Escaping the threat of war from his Leith home was something 13-year-old Bill Nicholson was reluctant to do.
The teenager’s parents agreed to let him leave to the Borders, but little did they know he’d soon be back wanting to go the other side of the world.
Adventure-loving Bill was initially sent to Melrose with another boy from the Capital, where they were living in a conjoined house with the servants of Miss Laurie and her siblings.
Bill said: “Someone told me ‘they only took you to get the five shillings each’.
“I only went into the main house twice – when I arrived, and once when I wanted a second helping of pudding.
“Miss Laurie gave me some after telling me how she was related to Annie Laurie - from the famous Scottish song.”
Bill knew this wasn’t the life for him and soon returned to the dangers of the Capital.
He said: “I saw a bomb drop out of a plane once; watched it fall and heard the bang half a mile away.
“It landed on a tram-track; they said it was blown quite a few yards but no-one was hurt.
“Occasionally, you could see a dogfight just above the rooftops, one of our fighters chasing a German bomber.”
After returning home from school to the family home in Sloan Street, Bill had an idea that would change his life forever.
“I told them I had heard about this scheme for kids to be evacuated to Australia and how I’d like to go,” he said.
“They said it could be dangerous, but they agreed.” On August 5, 1940, Bill embarked on a journey from Liverpool to Australia on MS Batory with 476 fellow evacuees and 700 troops bound for Singapore.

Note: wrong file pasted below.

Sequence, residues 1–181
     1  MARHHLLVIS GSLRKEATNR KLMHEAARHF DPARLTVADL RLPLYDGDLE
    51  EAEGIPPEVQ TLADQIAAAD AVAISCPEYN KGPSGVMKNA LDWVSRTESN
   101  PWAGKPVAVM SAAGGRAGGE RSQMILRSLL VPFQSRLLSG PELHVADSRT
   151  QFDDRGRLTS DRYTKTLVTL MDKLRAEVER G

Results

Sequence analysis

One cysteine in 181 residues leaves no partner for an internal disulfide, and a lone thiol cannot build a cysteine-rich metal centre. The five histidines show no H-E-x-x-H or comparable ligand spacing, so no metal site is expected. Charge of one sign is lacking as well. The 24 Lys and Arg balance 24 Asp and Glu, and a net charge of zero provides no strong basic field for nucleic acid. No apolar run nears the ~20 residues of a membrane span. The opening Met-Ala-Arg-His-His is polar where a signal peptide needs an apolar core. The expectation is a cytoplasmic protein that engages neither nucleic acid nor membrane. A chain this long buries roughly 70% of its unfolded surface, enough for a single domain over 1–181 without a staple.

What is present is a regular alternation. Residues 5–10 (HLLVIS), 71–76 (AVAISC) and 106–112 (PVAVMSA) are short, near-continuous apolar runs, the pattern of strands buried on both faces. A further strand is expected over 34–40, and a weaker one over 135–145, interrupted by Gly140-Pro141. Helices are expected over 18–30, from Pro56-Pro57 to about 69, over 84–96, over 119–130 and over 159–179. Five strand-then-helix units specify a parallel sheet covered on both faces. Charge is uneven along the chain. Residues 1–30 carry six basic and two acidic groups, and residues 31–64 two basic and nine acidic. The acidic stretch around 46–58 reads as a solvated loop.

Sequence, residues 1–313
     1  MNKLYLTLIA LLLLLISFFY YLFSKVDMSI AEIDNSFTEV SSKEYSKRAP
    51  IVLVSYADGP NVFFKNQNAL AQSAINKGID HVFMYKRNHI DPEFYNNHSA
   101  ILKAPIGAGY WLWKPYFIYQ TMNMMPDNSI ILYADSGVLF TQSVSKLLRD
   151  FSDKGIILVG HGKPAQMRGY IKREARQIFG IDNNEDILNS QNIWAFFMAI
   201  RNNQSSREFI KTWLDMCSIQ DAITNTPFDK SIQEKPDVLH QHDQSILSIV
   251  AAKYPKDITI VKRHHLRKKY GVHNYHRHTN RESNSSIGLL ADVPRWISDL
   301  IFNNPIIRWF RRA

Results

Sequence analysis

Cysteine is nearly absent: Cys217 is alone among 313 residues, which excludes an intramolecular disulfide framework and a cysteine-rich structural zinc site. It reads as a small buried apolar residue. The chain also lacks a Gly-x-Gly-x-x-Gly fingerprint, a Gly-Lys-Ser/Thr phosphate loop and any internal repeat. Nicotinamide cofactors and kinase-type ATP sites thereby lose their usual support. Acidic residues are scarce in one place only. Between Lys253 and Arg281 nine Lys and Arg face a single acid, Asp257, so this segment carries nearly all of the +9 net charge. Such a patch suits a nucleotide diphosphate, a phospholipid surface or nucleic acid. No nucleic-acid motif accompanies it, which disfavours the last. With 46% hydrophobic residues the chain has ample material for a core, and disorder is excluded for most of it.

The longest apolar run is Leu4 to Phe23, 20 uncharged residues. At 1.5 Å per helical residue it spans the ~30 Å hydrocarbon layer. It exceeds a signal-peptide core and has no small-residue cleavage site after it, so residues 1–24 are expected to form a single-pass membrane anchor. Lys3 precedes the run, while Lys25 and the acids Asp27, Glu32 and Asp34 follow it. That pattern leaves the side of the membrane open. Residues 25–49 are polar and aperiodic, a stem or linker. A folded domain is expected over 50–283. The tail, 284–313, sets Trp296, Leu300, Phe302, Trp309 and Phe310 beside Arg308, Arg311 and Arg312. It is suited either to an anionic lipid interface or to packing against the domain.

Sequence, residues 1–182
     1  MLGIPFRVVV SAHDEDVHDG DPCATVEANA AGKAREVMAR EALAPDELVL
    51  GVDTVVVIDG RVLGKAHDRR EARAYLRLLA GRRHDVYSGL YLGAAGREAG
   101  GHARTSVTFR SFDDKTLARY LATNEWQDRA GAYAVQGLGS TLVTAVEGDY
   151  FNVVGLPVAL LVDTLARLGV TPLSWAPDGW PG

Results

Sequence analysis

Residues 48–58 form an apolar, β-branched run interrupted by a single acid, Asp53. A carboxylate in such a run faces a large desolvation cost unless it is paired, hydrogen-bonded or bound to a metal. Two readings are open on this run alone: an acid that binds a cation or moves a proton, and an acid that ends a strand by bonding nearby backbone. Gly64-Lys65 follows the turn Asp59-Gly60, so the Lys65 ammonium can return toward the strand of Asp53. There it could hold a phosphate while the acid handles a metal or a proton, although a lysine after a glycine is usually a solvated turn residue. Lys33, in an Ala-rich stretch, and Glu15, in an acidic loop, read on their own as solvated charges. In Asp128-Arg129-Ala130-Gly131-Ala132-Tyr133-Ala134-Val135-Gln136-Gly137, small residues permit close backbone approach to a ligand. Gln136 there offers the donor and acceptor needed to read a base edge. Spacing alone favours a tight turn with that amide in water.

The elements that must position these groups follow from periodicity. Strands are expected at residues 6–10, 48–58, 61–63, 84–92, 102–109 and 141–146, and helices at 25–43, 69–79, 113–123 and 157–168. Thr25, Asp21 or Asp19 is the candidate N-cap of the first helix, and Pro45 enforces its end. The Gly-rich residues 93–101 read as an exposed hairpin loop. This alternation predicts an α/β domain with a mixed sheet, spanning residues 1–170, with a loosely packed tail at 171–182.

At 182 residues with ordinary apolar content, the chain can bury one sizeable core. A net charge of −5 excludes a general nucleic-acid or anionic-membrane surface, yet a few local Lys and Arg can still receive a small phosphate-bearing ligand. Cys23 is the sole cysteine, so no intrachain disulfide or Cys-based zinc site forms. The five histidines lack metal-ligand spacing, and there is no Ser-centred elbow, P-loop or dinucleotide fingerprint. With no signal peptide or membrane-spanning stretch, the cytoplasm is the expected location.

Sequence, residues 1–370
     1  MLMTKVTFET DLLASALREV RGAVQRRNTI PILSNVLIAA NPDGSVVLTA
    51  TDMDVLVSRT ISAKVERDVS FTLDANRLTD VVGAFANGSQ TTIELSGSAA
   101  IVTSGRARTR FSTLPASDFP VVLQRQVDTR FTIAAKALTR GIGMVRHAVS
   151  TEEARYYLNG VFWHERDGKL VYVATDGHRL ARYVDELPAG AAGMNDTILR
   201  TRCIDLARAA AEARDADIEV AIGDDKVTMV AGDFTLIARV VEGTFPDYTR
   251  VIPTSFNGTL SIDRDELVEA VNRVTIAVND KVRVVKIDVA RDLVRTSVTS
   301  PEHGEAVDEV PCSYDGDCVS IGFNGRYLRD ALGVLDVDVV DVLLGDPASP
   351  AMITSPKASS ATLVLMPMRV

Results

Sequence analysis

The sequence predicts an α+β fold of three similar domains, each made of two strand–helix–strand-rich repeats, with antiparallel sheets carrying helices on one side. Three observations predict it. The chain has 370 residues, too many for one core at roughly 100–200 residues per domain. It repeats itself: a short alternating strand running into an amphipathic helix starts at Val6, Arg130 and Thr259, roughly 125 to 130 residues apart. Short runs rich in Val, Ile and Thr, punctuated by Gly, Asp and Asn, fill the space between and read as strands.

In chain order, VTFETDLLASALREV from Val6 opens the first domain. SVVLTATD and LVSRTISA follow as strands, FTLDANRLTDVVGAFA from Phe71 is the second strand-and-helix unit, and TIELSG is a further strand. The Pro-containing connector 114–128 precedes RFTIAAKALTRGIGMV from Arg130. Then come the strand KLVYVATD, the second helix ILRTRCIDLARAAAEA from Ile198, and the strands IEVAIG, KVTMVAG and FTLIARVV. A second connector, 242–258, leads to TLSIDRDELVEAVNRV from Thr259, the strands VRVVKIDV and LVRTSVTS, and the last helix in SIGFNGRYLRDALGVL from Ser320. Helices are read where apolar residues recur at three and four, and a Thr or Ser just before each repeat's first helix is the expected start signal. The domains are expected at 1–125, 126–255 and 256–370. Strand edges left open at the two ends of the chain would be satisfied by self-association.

The children, all with identity tags, stepped aboard anxiously following the trauma of the an air raid the previous evening.
One child said: “Dad, if bombs come into our town, can you send my mice up to Granny?”
In Meta Mclean’s book, ‘The Singing Ship: An Odyssey of Evacuee Children’, he wrote: “Singing being what escorts stumbled on to help the children settle.
“The children were quiet. It would have been better if they’d been more noisily distressed.”
It took Bill Oats, the Aussie deputy-chief escort, a week to retrieve the children’s luggage from a forward hold as the ship plunged its way through the Irish Sea with its convoy.
All the evacuees were given a book by escorts with Bill receiving ‘The Brave Book for Boys’. Rousing songs they sang included ‘We’ll Meet Again’ and ‘The White Cliffs of Dover’.
A female escort said: “If that Scottish sentry out in the alleyway sings ‘I Belong to Glasgow’ any more, I’ll report him to the adjutant.”
The boat stopped off in Cape Town, South Africa, for a few days where Bill was unaware that just across the harbour a ship carried his grandfather, a Norwegian sailor and later commander of a Royal Navy submarine.
Bill said: “The native people packing oranges in a shed beside the ship threw oranges up to us.”
Frank was on the first boat that landed at Gallipoli in World War One.
Arriving in Hobart, Tasmania in October, Bill settled immediately at Ogilvie High School and with his new host family - Frank and Alice Littler.
Bill said of Frank: “He had a very good rifle shot.”
It is said as they approached the beach, Frank told his commanding officer: “I can see a sniper up there. I should get him before he gets us.”
The CO said: “Not until we get there.”
Moments later that sniper shot Frank in the arm and he needed medical treatment.
Bill added: “They took me in out of gratitude to the hospital. Only one kid at school understood my Scottish accent.
“I called him my interpreter.